Effects of amantadine and trihexyphenidyl on memory in elderly normal volunteers

J. P. McEvoy, M. McCue, B. Spring, R. C. Mohs, P. W. Lavori, R. M. Farr

Research output: Contribution to journalArticlepeer-review

45 Scopus citations


Anticholinergic drugs impair one's ability to learn new material, even at routine clinically used doses. During the trihexyphenidyl phase of this double-blind crossover trial, elderly normal subjects complained of confusion and memory impairment and demonstrated a pattern of deficits in memory function compatible with that previously reported to result from anticholinergic drugs. The subjects neither complained of nor demonstrated memory impairment while taking amantadine, which is believed to exert its pharmacological effects upon extrapyramidal disorders via dopaminergic mechanism and does not appear to be associated with memory impairment. Anticholinergic drugs should be avoided whenever possible in the elderly and especially in those suffering dementia.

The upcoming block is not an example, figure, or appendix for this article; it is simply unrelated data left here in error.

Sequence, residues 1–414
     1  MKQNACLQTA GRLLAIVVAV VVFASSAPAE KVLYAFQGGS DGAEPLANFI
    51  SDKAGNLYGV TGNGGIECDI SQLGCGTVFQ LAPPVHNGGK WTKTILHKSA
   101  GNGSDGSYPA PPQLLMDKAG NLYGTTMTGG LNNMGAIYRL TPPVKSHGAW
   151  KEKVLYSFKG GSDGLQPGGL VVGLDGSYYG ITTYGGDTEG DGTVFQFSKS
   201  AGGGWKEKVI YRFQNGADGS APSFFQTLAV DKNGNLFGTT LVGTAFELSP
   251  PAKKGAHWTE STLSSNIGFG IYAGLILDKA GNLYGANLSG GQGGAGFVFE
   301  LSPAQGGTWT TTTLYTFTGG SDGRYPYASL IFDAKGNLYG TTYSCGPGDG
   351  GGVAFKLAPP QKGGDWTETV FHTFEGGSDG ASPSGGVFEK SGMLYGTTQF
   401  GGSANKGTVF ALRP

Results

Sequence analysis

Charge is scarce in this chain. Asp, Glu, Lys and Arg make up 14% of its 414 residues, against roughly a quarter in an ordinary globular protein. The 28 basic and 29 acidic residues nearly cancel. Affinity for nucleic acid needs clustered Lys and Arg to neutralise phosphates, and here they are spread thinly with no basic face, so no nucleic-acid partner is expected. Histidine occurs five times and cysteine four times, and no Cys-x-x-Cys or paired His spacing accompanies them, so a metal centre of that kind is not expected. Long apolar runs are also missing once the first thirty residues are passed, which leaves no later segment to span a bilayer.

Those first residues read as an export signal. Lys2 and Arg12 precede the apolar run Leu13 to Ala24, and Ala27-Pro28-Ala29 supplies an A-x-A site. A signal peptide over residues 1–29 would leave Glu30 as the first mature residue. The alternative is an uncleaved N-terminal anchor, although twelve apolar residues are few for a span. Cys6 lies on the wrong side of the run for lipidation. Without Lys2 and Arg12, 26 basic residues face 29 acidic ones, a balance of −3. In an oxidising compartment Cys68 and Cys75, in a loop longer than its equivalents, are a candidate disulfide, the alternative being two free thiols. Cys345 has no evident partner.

Original languageEnglish (US)
Pages (from-to)573-577
Number of pages5
JournalAmerican Journal of Psychiatry
Issue number5
StatePublished - Jan 1 1987

ASJC Scopus subject areas

  • Psychiatry and Mental health


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